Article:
• Active member of the Völkische Wehrbewegung Hannover (völkisch defense movement in Hannover) in 1920
  • Cofounder of the Ortsgruppe Hannover der NSDAP on 2 July 1921
  • Bund ehemaliger Frontkämpfer
  • Stahlhelmbund
  • Member of the Deutschvölkische Freiheitspartei (DVFP) from 1922 to 1924
    • initially assigned as Ortsgruppenführer of that party in Hannover; Gauleiter of the DVFP in Gau Hannover from 1924 to February 1925
  • NSDAP on 4 May 1925 (day of the re-foundation of the NSDAP; Nr.: 3.390)
  • Sturmabteilung on 4 May 1925
  • Bürgervorsteher (citizen leader) in Hannover from May 1925 to 1933
  • Member of the Arbeitsgemeinschaft der Nord- und Nordwestdeutschen Gaue der NSDAP from 10 September 1925 to 1926
  • Member of the Nationalsozialistischer Lehrerbund (NSLB) in Hanover since 1 November 1930 (NSLB membership Nr. 458)
  • Kurator of the Preuβische Akademie der Künste (Prussian Academy of the Arts) in Berlin
  • Appointed as a member of the Vorstand der “Reichsverband Deutsche Bühne e. V." (theater association) on 15 March 1933
  • Member of the Akademie für Deutsches Recht, München in October 1933
  • Member of the Generalsynode der Evangelischen Kirchen on 31 Auguts 1933
    • attended the first session of this Protestant body on 5 September 1933
  • Member of the Kuratorium der Vereinigten Staatsschulen für freie und angewandte Kunst (Board of Trustees of the United State Schools for Free and Applied Arts) from 11 May 1934 to 30 April 1945
  • Member of the Ehrenausschuß im Deutschen Organisations-Ausschuß des VII. Internationalen Straßenkongresses in München (Honorary Committee in the German Organizational Committee for the 7th International Roadways Congress in Munich) from 3 September 1934 to 9 September 1934
  • Appointed as a member of the Board of Directors (Verwaltungsrat) for the Goethe-Preis in Frankfurt am Main in 1935
  • Founder of the Reich Institute for the History of New Germany in 1935
  • Appointed as a member of the Ehrenführerring des “Reichsbundes der Kinderreichen” (Honorary Leader Ring of the Reich League for Child Abundant Families) on 11 December 1935
  • Appointed as a member of the Ehrenausschuß der “Deutschen Kulturausstellung in Finnland” (Honorary Committee of the German Cultural Exposition in Finland) on 1 March 1936
  • Appointed as a Reichskultursenator (Reich Senator for Culture) on 4 April 1936
  • Appointed as Schutzherr (patron) of the Gesellschaft “Deutsche Literatur e. V.” (Society for German Literature) on 15 May 1936
  • Appointed as a member of the Kuratorium der Reichsakademie für Leibesübungen (Board of Trustees of the Reich Academy for Physical Training) in 1936
  • Appointed as a member of the Ehrenbeirat (honorary advisory council) of the Arbeitsausschuß für HJ-Heimbeschaffung (Working Committee for the Procurement of Hitler Youth Homes) in 1936
  • Appointed as an Ehrenmitglied (honorary member) of Hermann Göring's Deutsche Akademie der Luftfahrtforschung (German Academy of Aeronautical Research) in 1937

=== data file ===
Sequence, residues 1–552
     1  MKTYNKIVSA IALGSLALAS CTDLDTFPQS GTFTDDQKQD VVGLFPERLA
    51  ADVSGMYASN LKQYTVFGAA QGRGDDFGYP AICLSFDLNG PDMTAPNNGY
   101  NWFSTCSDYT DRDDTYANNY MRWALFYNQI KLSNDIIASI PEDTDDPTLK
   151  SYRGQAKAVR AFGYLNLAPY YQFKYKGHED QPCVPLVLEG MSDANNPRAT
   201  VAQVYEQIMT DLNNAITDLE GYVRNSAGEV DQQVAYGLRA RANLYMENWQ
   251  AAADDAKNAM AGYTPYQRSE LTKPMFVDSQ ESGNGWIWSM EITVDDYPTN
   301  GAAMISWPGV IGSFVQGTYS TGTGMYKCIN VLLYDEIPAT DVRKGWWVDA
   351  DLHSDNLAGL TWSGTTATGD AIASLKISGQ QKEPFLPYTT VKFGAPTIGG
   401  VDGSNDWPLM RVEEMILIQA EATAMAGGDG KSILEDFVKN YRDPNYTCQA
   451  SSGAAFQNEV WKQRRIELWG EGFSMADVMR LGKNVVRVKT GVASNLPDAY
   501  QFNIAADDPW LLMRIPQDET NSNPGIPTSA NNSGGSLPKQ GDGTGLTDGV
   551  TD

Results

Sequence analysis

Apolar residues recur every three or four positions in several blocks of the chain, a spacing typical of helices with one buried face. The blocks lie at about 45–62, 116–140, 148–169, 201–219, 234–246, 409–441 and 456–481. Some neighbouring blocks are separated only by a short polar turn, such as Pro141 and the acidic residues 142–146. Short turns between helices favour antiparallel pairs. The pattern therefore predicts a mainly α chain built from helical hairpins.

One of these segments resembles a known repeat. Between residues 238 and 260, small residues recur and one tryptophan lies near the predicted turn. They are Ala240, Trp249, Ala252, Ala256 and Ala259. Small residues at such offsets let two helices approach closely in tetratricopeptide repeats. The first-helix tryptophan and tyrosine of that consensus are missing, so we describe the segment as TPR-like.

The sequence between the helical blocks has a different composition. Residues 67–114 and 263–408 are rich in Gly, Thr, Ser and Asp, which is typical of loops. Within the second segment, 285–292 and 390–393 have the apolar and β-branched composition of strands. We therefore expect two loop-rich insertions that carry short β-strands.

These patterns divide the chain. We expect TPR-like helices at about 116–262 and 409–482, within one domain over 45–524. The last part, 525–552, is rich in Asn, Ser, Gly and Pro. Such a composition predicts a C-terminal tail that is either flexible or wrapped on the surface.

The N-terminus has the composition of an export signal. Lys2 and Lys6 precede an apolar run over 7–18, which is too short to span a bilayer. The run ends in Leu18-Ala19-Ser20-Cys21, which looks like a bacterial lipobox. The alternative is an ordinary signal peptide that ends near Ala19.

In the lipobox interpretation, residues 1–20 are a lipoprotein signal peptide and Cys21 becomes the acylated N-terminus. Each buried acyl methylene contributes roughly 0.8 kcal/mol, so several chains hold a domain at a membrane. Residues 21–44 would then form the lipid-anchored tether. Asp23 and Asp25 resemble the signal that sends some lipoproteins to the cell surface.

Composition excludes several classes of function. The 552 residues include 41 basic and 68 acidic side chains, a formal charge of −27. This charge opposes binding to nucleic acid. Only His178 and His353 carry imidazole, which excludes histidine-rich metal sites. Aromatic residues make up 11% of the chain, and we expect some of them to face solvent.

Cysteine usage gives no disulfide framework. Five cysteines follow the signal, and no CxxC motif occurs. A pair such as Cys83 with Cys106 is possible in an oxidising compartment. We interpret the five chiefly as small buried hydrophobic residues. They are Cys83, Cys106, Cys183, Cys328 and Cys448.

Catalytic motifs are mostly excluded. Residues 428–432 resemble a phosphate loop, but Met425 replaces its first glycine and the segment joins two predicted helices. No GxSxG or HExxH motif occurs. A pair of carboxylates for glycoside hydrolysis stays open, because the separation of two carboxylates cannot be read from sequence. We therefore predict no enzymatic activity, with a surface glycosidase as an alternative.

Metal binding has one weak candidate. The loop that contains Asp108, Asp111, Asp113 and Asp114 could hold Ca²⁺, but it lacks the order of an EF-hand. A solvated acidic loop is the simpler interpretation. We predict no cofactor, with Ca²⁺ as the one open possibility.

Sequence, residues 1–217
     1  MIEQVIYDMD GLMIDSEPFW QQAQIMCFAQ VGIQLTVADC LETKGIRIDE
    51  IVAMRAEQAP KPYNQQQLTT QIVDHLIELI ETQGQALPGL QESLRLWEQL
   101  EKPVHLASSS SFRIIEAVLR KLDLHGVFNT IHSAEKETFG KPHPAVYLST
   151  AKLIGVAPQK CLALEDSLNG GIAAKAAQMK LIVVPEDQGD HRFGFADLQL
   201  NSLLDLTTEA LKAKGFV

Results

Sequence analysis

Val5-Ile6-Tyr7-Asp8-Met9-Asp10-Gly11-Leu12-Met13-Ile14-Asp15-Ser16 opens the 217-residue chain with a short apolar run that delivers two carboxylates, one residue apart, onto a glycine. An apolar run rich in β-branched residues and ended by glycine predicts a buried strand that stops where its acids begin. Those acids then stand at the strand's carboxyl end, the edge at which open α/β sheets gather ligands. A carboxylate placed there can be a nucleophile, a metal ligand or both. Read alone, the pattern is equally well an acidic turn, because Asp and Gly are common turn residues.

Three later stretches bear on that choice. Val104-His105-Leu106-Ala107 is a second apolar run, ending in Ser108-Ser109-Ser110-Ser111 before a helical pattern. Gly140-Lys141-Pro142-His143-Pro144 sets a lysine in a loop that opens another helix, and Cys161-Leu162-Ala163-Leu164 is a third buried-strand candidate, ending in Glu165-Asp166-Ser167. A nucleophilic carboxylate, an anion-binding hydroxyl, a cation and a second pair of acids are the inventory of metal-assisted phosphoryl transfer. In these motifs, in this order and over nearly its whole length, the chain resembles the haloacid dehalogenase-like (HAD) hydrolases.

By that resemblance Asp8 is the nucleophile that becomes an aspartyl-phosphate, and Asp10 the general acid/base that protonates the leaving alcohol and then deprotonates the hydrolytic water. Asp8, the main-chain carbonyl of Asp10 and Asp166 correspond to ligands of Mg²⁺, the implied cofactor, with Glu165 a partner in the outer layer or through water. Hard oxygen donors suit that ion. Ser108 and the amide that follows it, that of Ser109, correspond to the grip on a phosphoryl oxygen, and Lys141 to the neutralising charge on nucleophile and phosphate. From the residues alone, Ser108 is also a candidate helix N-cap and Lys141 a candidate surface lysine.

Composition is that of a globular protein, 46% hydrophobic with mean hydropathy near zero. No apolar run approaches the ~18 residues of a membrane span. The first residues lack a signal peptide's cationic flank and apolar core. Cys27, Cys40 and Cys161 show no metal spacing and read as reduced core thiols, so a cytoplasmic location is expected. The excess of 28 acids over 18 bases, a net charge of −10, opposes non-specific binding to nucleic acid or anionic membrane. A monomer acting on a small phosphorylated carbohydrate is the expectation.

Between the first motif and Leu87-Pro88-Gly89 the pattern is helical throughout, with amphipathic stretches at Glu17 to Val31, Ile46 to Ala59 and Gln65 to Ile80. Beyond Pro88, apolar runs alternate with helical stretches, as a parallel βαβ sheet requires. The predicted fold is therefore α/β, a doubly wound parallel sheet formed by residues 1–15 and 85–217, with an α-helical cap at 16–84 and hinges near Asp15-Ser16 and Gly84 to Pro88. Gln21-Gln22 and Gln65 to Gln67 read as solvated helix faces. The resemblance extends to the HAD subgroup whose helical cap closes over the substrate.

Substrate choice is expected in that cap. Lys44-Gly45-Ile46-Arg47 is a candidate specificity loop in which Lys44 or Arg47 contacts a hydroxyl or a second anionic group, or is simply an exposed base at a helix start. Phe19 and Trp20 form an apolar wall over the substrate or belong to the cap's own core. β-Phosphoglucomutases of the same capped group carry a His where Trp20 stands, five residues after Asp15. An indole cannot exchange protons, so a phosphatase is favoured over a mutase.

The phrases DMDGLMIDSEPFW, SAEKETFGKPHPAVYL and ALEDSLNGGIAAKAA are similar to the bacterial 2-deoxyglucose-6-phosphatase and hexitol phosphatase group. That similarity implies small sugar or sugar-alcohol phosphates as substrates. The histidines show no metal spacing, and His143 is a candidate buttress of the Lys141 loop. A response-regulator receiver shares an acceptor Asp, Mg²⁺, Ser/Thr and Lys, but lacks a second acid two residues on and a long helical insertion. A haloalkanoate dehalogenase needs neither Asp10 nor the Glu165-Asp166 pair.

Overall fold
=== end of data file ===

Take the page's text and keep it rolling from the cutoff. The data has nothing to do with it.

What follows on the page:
• Proclaimed the establishment of the Reichsforschungsrat (RFR, Reich Research Council) on 16 March 1937, created to centralize the planning of basic and applied research (excluding aeronautical research, which was personally administered by Hermann Göring) in Germany. Dr. Rust assigned Generalleutnant (later General der Artillerie) Dr. Karl Becker to the presidency of the RFR, while Dr. Otto Wacker held the post of Vice-President and Dr. Rudolf Mentzel (President of the Deutsche Forschungs-Gemeinschaft [DFG, German Scientific Research Association] and a leading official of the REM) as administrative manager. On 9 June 1942, a Führer decree proclaimed the establishment of a new Reichsforschungsrat, no longer under the control of Dr. Rust's Ministry but led by Hermann Göring.
  • Member of the Nationalsozialistische Volkswohlfahrt (NSV) on 1 November 1937 (NSV-Nr.: 8.319.456)
  • Member of the presidium of the Verein “Haus der Deutschen Technik” (Association "House of German Technology") in München on 12 September 1938
  • Appointed as an honorary member of the Ungarisch-Deutsche Gesellschaft (Hungarian-German Society) in Budapest on 17 June 1939
  • Member of the Verteidigungsausschuß des Wehrkreises XI (Defense Committee of Military District XI) from 22 September 1939 to December 1940
  • President of the Reichsforschungsrat (RFR, Reich Research Council) from April 1940 to June 1942
    • Succeeded General der Artillerie Dr. Karl Becker, who committed suicide in Berlin on 8 April 1940. The Führer decree of 9 June 1942, reproduced above, ordered a radical reorganization of the RFR, removing it from the jurisdiction of Rust’s Education Ministry and placing it under Reichsmarschall Göring’s control.
  • Member of the Präsidialrat (Presidential Council) of the [new] Reichsforschungsrat from June 1942 to 1945

Awards, decorations and honours (excerpt)

Hitler and Rust, honorary citizens of Hanover.png

Awards and decorations


  • Iron Cross (1914), 2nd and 1st Class
    • 1st Class in Spring 1917
  • Military Merit Cross (Austria-Hungary), 3rd Class with the War Decoration (ÖM3K)
  • Wound Badge (1918) in Black
  • House Order of Hohenzollern, Knight's Cross with Swords (HOH3⚔) on 11 May 1918 as 2nd Lieutenant of the Reserves in the Reserve-Infanterie-Regiment Nr. 232